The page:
Why this expressed concern for “The Gospel Project”? Unless there is indeed a call from church leaders across the SBC for a Reformed Curriculum then it can only be assumed that Lifeway has produced “The Gospel Project” with the expressed purpose of reforming the shallow and incorrect understanding of just what the true gospel is within our autonomous Southern Baptist congregations. While I believe in my heart that there is no real demand for this kind of project from the typical SBC church, I have no problem with churches purchasing this kind of literature as long as they understand up front what it is that they are buying.

I do have serious concerns with Lifeway’s labeling this project simply as “the Gospel Project” with no reference to its theologically leaning perspective. The administration of Lifeway knows full well that Baptist churches have looked to Lifeway for decades for theologically pertinent literature for their members. Many churches will see the promotional information on the “Gospel Project” that is new and exciting and Lifeway knows churches will purchase the literature. There is absolutely no doubt that this project will have a Calvinistic leaning perspective; otherwise there would be no reason to choose such a tightly knitted theological group.

Here comes the anticipated two-fold defense. “This is not a theologically biased project.” That argument is an argument from naivety, ignorance, or intentional cover-up. To attempt to even make this kind of argument, in my opinion, a brazen insult to this group of writers who were carefully selected for this project. No one should expect them to set aside their strong theological persuasion to produce a project of this magnitude and not be biased in their understanding of the synonymous position that the “true gospel” is Calvinism. It was their own admission and original purpose to make this project “Christ-centered, mission-driven, shaped around the narrative of God’s redemptive plan.” For this select group of writers that plan is best set forth in the Doctrines of Grace and Calvinism.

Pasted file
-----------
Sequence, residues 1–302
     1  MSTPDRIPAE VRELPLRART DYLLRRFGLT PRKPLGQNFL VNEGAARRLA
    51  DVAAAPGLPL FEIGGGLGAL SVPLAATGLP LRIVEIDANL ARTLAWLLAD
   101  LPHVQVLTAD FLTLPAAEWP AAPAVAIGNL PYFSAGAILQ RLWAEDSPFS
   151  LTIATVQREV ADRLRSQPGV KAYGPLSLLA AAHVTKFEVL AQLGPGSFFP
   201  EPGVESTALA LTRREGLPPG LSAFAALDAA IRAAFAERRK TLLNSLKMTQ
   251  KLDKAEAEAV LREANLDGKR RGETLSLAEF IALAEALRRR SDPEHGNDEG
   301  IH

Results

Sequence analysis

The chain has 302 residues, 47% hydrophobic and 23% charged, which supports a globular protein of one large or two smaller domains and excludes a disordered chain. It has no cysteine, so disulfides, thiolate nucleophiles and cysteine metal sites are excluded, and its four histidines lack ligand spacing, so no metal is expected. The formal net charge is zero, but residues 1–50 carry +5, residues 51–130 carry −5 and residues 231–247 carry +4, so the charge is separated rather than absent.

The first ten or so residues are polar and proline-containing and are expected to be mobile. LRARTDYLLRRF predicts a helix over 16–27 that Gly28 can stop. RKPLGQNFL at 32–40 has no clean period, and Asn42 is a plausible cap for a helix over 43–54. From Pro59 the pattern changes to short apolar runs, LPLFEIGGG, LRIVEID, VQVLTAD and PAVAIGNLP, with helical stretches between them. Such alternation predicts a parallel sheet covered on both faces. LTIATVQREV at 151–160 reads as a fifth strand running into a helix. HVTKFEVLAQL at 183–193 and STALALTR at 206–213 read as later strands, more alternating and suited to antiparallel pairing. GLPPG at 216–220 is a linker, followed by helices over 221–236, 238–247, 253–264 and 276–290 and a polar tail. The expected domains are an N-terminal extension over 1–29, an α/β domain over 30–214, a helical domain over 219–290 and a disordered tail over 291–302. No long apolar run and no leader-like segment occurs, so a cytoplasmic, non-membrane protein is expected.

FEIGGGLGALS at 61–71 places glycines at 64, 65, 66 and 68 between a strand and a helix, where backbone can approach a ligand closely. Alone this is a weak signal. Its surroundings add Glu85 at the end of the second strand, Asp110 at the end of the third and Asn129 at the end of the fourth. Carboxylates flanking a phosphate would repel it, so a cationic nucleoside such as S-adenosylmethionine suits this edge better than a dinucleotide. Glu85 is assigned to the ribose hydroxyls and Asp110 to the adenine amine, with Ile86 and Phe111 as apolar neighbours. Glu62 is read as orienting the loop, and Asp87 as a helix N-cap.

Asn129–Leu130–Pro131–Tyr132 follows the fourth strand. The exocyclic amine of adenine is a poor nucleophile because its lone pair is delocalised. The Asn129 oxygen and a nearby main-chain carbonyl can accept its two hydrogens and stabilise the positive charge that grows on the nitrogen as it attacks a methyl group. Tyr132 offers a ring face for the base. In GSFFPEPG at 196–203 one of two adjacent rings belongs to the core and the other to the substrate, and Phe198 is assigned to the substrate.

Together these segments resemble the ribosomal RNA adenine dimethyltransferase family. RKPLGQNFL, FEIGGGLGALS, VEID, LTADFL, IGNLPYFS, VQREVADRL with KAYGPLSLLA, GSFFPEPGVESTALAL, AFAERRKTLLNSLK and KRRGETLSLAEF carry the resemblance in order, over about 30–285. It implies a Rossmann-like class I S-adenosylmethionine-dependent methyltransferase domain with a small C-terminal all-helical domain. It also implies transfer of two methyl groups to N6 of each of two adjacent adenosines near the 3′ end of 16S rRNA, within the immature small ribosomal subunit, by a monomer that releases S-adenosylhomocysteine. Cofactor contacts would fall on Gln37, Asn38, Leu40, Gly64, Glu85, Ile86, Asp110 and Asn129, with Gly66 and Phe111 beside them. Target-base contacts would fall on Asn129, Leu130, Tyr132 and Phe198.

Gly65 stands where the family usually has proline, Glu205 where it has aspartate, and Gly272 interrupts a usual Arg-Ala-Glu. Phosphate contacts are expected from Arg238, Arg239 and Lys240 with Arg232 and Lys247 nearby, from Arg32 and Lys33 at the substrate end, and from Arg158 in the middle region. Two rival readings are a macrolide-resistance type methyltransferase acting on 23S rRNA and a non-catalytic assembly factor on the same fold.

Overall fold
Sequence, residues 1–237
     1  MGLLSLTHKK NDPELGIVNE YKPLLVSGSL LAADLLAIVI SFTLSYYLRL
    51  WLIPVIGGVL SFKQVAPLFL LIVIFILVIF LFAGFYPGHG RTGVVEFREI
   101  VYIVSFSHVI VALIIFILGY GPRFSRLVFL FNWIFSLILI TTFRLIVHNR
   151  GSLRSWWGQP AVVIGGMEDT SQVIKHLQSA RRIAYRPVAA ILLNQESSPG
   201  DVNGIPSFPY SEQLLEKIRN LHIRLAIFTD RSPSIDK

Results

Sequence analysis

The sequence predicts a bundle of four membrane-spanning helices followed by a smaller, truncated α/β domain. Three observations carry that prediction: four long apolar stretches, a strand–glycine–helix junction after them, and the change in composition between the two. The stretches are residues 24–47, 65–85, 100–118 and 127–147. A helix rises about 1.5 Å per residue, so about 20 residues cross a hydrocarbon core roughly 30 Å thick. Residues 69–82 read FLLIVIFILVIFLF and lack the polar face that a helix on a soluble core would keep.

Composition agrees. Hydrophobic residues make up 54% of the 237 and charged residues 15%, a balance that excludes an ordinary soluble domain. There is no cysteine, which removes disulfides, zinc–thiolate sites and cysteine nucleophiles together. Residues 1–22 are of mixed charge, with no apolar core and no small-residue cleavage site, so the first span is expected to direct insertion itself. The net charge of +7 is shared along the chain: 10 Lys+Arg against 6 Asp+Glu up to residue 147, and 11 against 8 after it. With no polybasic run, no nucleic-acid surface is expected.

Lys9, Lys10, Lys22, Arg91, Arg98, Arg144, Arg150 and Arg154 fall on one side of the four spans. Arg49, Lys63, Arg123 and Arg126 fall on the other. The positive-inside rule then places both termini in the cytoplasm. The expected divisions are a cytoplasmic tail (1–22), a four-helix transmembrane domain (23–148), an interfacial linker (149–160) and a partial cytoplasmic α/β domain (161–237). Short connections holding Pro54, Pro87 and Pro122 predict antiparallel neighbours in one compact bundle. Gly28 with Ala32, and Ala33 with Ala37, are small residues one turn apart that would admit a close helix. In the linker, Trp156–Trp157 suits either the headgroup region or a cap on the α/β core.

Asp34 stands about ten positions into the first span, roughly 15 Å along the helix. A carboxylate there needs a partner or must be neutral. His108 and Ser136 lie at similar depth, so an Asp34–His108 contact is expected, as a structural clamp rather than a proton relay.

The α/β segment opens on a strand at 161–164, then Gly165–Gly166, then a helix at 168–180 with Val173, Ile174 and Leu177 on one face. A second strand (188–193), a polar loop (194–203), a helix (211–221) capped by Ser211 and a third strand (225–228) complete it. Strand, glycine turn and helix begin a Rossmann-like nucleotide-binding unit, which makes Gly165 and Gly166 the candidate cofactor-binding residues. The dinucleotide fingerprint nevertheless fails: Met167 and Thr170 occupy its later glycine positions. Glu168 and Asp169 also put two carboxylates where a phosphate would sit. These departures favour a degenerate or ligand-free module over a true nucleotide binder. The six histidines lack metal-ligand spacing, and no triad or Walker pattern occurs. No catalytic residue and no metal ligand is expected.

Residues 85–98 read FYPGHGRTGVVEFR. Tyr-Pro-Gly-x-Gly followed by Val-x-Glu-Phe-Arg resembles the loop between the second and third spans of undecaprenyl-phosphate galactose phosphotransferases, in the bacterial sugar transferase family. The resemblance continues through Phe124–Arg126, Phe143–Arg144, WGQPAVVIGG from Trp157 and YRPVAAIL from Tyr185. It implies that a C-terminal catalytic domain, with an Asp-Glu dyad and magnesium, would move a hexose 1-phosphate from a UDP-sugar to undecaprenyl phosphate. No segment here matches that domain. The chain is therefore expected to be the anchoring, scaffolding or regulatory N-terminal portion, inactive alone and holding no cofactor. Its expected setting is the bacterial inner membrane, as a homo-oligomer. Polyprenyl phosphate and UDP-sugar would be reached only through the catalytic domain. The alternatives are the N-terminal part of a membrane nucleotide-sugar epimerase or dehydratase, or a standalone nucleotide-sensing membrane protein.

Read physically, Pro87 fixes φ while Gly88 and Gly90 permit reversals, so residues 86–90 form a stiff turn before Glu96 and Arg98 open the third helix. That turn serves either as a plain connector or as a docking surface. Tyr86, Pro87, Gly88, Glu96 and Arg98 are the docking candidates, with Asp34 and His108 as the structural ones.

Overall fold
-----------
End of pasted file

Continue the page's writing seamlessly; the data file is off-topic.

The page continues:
The second anticipated response is, “There is no hidden agenda on Lifeway’s part to put this project into churches to help ‘reform them’.” Great. Label the project’s title as “A Reformed Perspective” and all will be kosher. This is a simple request. Anything less, will shed serious doubt on Lifeway’s intentions and its ongoing ability to provide theologically pertinent literature to the mainstream Southern Baptist church. This potential problem MUST be avoided. According to Dr. Stetzer’s 2006 research 90% of SBC churches are not Reformed in their theology and as such, I suggest that they are not very likely to be looking for literature to move them in that direction any time soon.

Respectfully submitted,

Bob Hadley
Pastor, Westside Baptist Church
Daytona Beach, Florida

Baptist Press: The CNN of the Baptist World!

The following article was written by Howell Scott at From Law to Grace and is posted in its entirety here.

For a similar article from Peter Lumpkins titled “Gerald Harris, Al Mohler, and Baptist Press” , CLICK HERE.

When I was in law school at Florida State University, CNN was THE 24-hour cable news outlet. In fact, it was the only such cable news source at the time. When Operation Desert Storm commenced on January 17, 1991, I was glued to CNN for all the live, front-line news from Kuwait. In July 1994, shortly before moving with my wife to Louisville to begin our studies at The Southern Baptist Theological Seminary, I recovered from wisdom teeth surgery by watching the Pre-trial hearing in the O.J. Simpson murder case. Later on, I would be sitting in our basement apartment at the Seminary Guest House watching CNN’s live coverage of the ”not guilty” verdict (which doesn’t necessarily mean “innocent”) when it was handed down. As a major political junkie, I would stay up into the wee hours of the night every Election Day watching CNN’s extensive political coverage.